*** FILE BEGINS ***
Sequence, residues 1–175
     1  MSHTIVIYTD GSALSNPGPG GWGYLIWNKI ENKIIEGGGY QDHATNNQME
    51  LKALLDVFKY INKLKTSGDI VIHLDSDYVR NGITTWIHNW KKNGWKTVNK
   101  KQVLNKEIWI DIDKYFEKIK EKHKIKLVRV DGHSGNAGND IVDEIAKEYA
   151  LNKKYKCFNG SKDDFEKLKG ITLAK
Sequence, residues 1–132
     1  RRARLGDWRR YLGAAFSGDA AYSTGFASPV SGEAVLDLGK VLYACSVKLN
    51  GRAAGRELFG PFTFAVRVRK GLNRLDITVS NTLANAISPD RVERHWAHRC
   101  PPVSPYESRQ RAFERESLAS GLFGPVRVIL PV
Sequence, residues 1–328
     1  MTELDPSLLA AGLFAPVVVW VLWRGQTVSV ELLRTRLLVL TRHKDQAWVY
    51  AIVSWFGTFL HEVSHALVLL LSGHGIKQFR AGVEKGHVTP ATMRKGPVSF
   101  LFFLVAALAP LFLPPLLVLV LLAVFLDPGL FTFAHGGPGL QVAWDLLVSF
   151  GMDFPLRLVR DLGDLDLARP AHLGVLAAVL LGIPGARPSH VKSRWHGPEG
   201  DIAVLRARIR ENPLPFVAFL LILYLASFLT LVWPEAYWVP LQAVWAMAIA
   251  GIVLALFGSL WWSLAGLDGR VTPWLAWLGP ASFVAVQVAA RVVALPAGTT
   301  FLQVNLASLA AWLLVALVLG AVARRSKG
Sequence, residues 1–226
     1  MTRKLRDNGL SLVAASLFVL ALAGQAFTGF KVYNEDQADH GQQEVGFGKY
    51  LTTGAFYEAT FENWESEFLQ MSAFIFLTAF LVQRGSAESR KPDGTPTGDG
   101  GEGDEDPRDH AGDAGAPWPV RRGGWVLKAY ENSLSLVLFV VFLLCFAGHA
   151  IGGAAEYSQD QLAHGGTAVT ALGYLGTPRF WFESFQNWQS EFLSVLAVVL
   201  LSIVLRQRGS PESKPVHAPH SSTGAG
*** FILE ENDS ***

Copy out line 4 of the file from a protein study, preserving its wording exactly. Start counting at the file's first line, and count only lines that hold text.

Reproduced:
   101  KQVLNKEIWI DIDKYFEKIK EKHKIKLVRV DGHSGNAGND IVDEIAKEYA